Travel Note: Portugal and Extremadura, Spain

Not sure how this managed to happen, but I’ve only got three more weeks left on the continent. (But wait, I haven’t even gone to Rome yet!) Of course, the UNISG masters students will be going out with a bang—for our last stage, we’ll be taking a 2-week long excursion to Portugal and Spain. We start off in Lisbon, then gradually move toward the Spanish border region of Extremadura, traveling east to Évora, Cáceres, Mérida and finally, Seville. The foodstuffs look quite similar to Italian cuisine, with a lot of olive oil, wine, cheese and cured meats, but we are also making stops to investigate the production of pastéis de Belém (sweet pastries), herb liquors, paprika, and eating lunch at a zero-kilometer restaurant (with locally-sourced products).

After the Great Internet Drought that was Emilia-Romagna, I have to admit that the part I am most excited for is that we will have wifi at the hotel for 10 out of the 12 nights of this trip. I don’t have a problem, I swear. Also, it is going to be ridiculously warm, somewhere around 7-18 C (45-65 F). After a decade of suffering through New England, upstate New York and Chicago winters, I am relishing the fake Mediterranean “winter” this year. (We’ve gotten snow about two times in Italy so far.)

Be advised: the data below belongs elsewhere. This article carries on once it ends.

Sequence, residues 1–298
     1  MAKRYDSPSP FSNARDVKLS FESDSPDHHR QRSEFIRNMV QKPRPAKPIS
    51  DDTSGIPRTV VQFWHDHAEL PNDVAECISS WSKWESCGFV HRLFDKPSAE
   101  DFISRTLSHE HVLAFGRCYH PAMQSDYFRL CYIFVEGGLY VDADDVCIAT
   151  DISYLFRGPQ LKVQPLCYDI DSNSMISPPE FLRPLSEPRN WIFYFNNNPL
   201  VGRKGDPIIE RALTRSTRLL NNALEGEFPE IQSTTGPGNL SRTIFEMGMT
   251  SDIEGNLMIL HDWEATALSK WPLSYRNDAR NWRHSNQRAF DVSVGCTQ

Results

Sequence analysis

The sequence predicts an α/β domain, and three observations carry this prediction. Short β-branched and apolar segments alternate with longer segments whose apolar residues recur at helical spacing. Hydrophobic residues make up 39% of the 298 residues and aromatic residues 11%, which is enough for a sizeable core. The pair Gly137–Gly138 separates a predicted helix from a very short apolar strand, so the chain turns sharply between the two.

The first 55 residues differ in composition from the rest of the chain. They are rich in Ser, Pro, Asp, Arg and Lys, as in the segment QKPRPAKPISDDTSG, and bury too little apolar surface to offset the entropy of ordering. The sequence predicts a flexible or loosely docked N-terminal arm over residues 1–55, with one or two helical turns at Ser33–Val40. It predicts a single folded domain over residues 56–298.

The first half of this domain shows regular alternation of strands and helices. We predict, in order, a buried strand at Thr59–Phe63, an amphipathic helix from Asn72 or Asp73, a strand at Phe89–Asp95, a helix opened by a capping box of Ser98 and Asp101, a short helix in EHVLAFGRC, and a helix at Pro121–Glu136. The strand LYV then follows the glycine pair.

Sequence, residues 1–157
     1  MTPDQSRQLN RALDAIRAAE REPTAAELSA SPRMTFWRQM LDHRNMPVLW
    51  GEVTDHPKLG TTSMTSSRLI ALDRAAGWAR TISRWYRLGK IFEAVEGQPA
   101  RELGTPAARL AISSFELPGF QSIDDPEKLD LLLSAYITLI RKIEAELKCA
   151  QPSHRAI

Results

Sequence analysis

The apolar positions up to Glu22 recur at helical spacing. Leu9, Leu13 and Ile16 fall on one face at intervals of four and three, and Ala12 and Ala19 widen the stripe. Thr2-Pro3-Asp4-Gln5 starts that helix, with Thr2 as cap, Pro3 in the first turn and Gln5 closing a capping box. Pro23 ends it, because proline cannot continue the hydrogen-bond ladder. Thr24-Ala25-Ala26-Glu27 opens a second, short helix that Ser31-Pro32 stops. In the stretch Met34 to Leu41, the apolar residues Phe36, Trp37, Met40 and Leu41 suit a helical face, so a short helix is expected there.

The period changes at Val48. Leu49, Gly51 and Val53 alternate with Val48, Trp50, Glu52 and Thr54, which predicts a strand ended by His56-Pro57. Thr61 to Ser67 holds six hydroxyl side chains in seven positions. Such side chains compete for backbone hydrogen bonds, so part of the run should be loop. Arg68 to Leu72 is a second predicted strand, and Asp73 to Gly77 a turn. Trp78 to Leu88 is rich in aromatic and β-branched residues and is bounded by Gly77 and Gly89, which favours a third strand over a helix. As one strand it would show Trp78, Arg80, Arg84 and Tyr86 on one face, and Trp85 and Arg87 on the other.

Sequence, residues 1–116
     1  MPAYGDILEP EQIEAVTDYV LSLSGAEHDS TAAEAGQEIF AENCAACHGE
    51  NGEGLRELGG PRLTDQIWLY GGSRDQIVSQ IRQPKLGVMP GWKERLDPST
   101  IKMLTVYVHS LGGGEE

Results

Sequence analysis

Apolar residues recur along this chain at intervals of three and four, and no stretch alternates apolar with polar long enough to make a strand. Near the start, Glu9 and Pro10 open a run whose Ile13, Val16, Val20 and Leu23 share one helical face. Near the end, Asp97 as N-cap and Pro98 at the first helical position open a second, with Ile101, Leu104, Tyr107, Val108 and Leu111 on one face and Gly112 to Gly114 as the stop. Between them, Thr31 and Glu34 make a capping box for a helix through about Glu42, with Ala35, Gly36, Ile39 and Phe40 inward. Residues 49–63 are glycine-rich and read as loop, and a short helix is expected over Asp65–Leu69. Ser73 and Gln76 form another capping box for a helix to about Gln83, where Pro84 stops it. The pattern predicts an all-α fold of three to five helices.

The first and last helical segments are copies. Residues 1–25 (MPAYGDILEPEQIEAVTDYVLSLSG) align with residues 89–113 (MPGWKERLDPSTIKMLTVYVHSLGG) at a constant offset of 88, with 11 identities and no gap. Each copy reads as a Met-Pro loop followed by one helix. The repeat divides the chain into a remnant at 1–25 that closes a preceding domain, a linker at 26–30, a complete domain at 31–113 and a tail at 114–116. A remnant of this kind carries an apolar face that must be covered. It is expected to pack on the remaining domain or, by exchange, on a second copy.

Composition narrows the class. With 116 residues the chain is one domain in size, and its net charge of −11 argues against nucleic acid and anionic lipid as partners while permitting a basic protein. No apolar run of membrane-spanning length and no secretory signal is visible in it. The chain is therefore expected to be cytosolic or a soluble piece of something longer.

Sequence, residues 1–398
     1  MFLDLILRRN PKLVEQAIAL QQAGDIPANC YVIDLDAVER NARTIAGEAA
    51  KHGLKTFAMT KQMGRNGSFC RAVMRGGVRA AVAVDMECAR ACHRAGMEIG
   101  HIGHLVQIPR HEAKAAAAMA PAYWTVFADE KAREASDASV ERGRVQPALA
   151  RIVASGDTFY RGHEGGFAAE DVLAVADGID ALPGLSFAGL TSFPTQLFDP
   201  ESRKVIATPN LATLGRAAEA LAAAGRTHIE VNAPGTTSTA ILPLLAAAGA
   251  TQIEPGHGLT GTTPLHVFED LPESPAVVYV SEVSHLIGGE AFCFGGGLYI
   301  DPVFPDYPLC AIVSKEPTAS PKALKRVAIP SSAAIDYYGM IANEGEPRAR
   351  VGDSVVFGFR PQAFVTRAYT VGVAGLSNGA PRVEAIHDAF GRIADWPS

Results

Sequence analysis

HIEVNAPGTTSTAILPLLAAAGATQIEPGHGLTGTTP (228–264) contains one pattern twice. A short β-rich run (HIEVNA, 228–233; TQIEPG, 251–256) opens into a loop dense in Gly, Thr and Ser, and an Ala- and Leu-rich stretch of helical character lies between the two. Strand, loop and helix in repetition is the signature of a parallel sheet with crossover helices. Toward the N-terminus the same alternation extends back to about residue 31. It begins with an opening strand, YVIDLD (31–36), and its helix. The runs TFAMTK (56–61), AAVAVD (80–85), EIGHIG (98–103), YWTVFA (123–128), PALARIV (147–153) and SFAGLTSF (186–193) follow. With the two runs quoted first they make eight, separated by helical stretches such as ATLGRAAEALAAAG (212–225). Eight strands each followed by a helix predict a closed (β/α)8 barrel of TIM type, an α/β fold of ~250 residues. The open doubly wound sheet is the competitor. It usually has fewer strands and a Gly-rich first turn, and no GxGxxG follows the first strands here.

Here’s a sample itinerary for Friday, Feb. 18th:

7:30 – Breakfast
8:00 – Depart for Aldeia da Serra
9:00 – Walk in the Montado forest, meet with wine & honey producer
12:00 – Lunch at Aldeia da Serra
14:30 – Santiago de Rio de Moinhos cheese producer
17:00 – Redondo: honey producer and tasting of traditional products
19:00 – Azaruja: unique cured meats and other local products (Slow Food project)
20:00 – Arrival at Evora, dinner on your own

Oy veh, I don’t speak a word of Portuguese, and I stopped studying Spanish in 5th grade, when I switched to French. But I’ve heard that speaking Italian to Spaniards works out rather well, so let’s see if I can make them think I’m Italian. (Random note: when I was learning my numbers in Spanish, my mom attempted to learn with me, and the mnemonic she used to remember “ocho” was 污糟 wu zou, or “dirty” in Cantonese.)

See ya’ll from the Iberian peninsula!

3 thoughts on “Travel Note: Portugal and Extremadura, Spain

  1. Spanish and Italian really aren’t all that different. You’ll be fiiiiine. Anyway, I love Spain and just wanted to say that the food in Spain CAN be really great. The wine is also superb.

    1. Accomplishment of the day: I had a very long conversation about Japan and linguistics with the front desk clerk. He spoke Portuguese. I spoke Italian. We understood each other. It was like working in a restaurant kitchen.

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